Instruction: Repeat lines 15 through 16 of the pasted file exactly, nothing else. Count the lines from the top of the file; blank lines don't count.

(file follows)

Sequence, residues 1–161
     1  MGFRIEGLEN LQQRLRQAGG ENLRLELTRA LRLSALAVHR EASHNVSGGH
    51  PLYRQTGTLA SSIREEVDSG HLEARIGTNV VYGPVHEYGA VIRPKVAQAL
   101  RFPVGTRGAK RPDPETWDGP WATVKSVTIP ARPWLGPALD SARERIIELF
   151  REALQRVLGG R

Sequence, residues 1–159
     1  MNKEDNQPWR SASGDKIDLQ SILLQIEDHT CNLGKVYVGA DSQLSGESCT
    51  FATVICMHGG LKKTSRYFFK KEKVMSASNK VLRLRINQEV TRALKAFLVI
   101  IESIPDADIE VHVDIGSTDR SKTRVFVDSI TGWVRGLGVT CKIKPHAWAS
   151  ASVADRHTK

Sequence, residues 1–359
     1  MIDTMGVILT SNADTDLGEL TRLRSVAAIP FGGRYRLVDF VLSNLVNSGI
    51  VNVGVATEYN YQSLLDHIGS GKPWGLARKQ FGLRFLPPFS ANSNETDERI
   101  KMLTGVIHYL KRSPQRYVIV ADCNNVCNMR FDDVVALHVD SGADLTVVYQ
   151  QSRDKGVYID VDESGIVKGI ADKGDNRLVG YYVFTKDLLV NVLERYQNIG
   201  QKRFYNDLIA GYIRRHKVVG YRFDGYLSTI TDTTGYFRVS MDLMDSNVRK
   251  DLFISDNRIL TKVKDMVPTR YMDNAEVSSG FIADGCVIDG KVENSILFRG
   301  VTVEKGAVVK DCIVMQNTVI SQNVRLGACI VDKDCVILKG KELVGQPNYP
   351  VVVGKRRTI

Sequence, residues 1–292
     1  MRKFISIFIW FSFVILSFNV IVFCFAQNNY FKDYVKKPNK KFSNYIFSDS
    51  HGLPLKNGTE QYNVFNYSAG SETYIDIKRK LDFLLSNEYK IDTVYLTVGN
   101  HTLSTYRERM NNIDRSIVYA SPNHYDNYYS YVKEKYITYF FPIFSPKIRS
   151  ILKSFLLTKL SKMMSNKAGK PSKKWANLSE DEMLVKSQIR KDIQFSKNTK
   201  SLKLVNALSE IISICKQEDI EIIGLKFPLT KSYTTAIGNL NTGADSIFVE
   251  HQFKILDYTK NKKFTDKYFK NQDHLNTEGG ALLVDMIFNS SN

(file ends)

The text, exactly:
   151  QSRDKGVYID VDESGIVKGI ADKGDNRLVG YYVFTKDLLV NVLERYQNIG
   201  QKRFYNDLIA GYIRRHKVVG YRFDGYLSTI TDTTGYFRVS MDLMDSNVRK